Photo/IllutrationYoko Kimura, left, with her daughter Junko, eats lunch during a brief visit to her home in Okuma, Fukushima Prefecture, in January. The area remains designated as a difficult-to-return zone, and a brief visit requires permission from the town. Residents are permitted to stay only from 9 a.m. to 4 p.m. (Yosuke Fukudome)

  • Photo/Illustraion
  • Photo/Illustraion
  • Photo/Illustraion
  • Photo/Illustraion

Nearly eight years have passed since their lives were uprooted by the Fukushima nuclear disaster, but evacuees are slowly returning to pick up the threads of their former lives and making small, but incremental steps, in the process.

The magnitude-9.0 Great East Japan Earthquake that struck on March 11, 2011, generated towering tsunami that swamped the Fukushima No. 1 nuclear power plant, triggering a triple meltdown when tons of cascading seawater knocked out its cooling systems.

The scars of that awful time are difficult to erase, and plain to see in so many ways.

“I’m not doing anything special here, but the air is fresh and it makes me feel calm,” said Yoko Kimura, 90, during a brief visit back to her home in Okuma in January.

Her house is located just 4.7 kilometers away from the crippled nuclear facility. Kimura and her daughter Junko, now 67, were among residents living within a 10-kilometer radius of the power plant who were ordered to evacuate immediately to escape massive amounts of radiation spewing into the atmosphere.

Kimura's home is located in an area still designated as a “difficult-to-return zone.”

But with permission from town authorities, she returns to Okuma for brief visits twice a month or so, accompanied by her daughter.

The house is without running water and electricity, so Kimura draws water from a well and relies on power from solar panels installed on the roof.

The January visit was her first homecoming this year. In a hallway, where sunshine streamed in, Kimura ate a rice-based meal that she had prepared in Iwaki, where she lives as an evacuee.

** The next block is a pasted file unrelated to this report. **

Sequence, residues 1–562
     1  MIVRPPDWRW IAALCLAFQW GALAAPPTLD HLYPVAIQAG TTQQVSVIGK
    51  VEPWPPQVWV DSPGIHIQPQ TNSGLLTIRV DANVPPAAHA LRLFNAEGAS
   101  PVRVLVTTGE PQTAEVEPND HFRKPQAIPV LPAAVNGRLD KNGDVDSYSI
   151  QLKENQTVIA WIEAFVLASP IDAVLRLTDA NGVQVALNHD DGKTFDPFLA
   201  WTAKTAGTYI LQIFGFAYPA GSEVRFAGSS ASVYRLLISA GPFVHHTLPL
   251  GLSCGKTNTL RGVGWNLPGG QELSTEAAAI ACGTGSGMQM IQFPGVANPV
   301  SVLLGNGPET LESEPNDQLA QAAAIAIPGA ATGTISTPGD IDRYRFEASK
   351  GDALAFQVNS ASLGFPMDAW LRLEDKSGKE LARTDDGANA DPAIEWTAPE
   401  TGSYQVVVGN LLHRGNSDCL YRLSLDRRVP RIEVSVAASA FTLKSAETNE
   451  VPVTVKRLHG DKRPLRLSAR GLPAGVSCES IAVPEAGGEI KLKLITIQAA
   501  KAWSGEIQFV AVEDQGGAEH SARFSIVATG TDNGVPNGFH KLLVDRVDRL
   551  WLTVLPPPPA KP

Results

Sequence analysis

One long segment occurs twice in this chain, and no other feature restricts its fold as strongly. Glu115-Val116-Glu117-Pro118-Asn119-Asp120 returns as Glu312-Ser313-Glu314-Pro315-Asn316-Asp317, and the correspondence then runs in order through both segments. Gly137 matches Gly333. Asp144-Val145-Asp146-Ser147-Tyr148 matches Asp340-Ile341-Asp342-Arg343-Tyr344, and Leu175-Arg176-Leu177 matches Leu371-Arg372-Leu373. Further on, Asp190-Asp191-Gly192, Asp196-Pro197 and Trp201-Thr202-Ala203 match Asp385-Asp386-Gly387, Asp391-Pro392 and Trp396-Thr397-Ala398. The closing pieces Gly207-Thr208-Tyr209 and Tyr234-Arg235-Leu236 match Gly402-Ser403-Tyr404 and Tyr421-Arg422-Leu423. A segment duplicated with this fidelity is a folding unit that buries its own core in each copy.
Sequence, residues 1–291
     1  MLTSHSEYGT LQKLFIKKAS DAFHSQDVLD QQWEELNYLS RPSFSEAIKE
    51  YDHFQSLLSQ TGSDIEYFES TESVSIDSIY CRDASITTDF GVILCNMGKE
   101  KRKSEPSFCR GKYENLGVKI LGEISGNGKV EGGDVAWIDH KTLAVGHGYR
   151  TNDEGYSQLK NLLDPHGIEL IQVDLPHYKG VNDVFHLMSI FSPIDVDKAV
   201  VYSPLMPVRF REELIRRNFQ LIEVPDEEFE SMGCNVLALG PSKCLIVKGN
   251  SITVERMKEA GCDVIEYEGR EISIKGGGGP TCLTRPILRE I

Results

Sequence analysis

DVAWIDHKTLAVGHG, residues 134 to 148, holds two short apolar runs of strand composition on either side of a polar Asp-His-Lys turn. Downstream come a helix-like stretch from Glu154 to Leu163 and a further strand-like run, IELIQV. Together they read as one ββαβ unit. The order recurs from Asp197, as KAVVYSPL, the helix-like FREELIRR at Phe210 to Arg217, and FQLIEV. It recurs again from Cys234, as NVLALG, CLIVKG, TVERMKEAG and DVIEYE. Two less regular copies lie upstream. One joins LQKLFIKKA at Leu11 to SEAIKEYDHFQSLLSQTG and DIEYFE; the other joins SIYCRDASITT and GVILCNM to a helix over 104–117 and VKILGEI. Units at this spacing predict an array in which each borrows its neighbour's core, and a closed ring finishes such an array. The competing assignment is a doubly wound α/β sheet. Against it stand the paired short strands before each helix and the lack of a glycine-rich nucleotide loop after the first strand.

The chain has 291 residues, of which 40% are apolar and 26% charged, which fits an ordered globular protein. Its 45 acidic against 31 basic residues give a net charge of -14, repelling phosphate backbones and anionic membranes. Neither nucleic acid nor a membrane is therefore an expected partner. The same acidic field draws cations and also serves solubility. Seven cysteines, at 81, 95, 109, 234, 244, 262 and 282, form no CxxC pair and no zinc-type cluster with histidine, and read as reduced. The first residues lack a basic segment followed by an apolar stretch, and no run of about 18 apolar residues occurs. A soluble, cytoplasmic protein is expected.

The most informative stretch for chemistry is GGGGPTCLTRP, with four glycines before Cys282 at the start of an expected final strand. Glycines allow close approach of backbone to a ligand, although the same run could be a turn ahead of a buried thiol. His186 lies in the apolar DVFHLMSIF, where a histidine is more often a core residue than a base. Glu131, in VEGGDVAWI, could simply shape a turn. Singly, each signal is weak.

Readings of spatial radiation in her garden are between 3 to 4 microsieverts per hour, meaning there is no prospect of the evacuation order being lifted anytime soon.

“My only wish is to die here.” When Kimura said that, she was smiling.

Tomioka, another town located in close proximity to the nuclear accident site, lifted the evacuation order for most areas two years ago.

Hiroki Sato, 32, an evacuee in Iwaki, rebuilt his home in Tomioka and tries to spend weekends there with his family whenever he can.

“I don’t suffer any inconvenience and I have no worries about my life here,” said Sato, as his children enjoyed playing in front of his new two-story home.

Sato intends to relocate to Tomioka when his oldest son, Seiru, 10, enters junior high school.

Namie, too, partially lifted its evacuation order two years ago. The town's population numbered in excess of 20,000 before the disaster, forcing a mass evacuation. Now, only 900 or so people live there.

Kazuki Oshimizu, 31, is one. He returned because he said he genuinely loves Namie.

Oshimizu reopened his izakaya, a Japanese-style bar named “Kondokoso,” six months ago. Since then, it has become a place filled with laughter on an otherwise quiet street corner among vacant lots.

Prior to the disaster, Oshimizu could purchase all his needs in town. But nowadays, he sometimes has to drive 50 kilometers to pick up stock.

He acknowledged that it is "grueling not to be able to do things I used to without any problems.”

While residents have started returning to many towns in the area where evacuation orders were initially issued, time seems to stand still in places such as Futaba, a neighboring town that co-hosts the nuclear plant with Okuma.

At Futaba-Minami Elementary School, classrooms remain untouched since the moment the earthquake hit. Satchels and other remnants are scattered where they fell. Children were immediately evacuated to the schoolyard, then forced to leave.

The school has reopened in a temporary campus in Iwaki, but the number of pupils has dropped to 15 from 192.

(Yosuke Fukudome has been assigned in the Tohoku region for four and a half years, visiting many disaster-stricken areas, particularly Fukushima, to take photographs to document the lives affected by the 2011 Great East Japan Earthquake, tsunami and nuclear disaster.)